• 17. AIMS & OBJECTIVESa. Pharmacognistical evaluation of Vidarikanda. • Macroscopical evaluation • Microscopical evaluation • Standardization and Validation.b. Preliminary phyto chemical analysis of Vidarikandac. Chromatographic study of Vidarikandad. To evaluate the efficacy of Vidarikanda churna in Mutrakrichra 3
  • 18. DRUG REVIEWHistoryKnowledge about history of a drug is as much necessary as its therapeutics. Theexistence of a drug since hundreds of years, changes in its nature, identification bydifferent aptas is important for a complete understanding of the herb. It can be studiedunder Veda kala Upanishad and Purana kala Samhita kala Nighantu kala and Adhunika kalaVeda kalaDuring the time of Vedas, references regarding the usage of Vidarikanda have notbeen found.Upanishad and Purana kala In Koushika sutra 35/4 and Shankha likhita dharma sutra 2/20 Vidari has beenmentioned. It was used to clean the teeth during shraaddha and was also useful inpumsavana karma.10Samhita kala In Charaka samhita explanation of the drug by the name Vidari is found in 65different places whereas explanation of Vidarikanda is found only in one place.Similarly in Sushruta samhita description of Vidari is found in 20 different places 4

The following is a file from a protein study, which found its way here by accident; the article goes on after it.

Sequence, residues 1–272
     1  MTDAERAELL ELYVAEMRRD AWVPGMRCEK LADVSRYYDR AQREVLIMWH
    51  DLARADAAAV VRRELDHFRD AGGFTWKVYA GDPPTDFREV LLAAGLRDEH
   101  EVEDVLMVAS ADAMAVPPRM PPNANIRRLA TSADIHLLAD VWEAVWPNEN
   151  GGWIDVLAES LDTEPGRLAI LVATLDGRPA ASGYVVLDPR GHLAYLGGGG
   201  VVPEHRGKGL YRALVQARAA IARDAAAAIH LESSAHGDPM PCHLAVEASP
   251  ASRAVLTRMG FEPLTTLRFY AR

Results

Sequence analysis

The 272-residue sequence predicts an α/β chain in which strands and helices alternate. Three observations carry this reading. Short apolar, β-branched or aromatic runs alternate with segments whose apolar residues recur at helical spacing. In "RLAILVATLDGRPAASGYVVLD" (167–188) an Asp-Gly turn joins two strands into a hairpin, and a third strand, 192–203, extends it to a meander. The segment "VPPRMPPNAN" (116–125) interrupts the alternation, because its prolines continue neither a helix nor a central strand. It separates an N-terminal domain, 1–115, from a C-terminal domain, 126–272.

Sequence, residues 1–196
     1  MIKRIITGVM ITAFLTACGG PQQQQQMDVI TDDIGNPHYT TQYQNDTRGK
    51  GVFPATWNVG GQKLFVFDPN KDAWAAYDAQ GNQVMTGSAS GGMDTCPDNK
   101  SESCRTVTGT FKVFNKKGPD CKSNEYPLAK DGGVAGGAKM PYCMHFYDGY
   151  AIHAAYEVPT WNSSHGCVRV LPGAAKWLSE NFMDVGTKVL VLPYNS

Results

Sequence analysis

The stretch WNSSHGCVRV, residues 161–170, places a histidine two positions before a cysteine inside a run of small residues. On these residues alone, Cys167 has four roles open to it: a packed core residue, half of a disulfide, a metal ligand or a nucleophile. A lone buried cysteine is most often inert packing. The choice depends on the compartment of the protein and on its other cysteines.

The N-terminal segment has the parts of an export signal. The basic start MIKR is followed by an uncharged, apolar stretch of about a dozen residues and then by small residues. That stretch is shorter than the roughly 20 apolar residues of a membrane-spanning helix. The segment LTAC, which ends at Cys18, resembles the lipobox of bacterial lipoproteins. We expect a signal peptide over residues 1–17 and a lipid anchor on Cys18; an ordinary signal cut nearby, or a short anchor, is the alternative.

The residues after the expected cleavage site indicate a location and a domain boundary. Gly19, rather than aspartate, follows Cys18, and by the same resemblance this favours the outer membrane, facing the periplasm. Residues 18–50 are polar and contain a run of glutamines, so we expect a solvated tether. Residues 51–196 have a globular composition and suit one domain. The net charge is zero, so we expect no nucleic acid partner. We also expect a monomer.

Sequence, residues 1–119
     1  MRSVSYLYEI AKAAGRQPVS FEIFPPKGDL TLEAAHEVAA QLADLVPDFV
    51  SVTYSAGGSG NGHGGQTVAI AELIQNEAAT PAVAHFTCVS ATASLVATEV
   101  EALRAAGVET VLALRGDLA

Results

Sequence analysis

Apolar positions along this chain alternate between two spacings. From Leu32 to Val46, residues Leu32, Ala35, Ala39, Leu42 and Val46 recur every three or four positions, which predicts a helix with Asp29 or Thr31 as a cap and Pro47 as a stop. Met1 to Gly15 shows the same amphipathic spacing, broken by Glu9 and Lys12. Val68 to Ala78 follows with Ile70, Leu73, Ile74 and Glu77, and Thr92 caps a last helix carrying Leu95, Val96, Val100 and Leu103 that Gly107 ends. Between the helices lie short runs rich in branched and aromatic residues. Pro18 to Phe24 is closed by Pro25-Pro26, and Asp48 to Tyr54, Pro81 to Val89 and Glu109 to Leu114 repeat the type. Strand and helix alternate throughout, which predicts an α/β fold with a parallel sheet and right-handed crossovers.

• 19. whereas description of Vidarikanda is found in 4 different places. In Kashyapasamhita it has been mentioned in the context of Visarpa, Charma roga etc. whereas inHarita samhita it is mentioned in the context of Kshaya, Chardi roga, Rakta pitta etc.Nighantu kalaVidari has been mentioned in almost all the nighantus like Dhanvantari nighantu,Shodala nighantu, Kaiyadeva nighantu, Raja nighantu, Bhavaprakasha nighantu etc.Adhunika kaalaDr P V. Sharma has described it as Balya and Vaidya Bapalal has decribed it underPalashadi varga.11 Shaligrama vaidya has included it under Shaka varga.12 Otherauthors like Nadkarni, Kirtikar and Basu have dealt with different aspects of Vidarilike the habitat of the drug, morphology, phyto chemistry, therapeutic utility etc. 5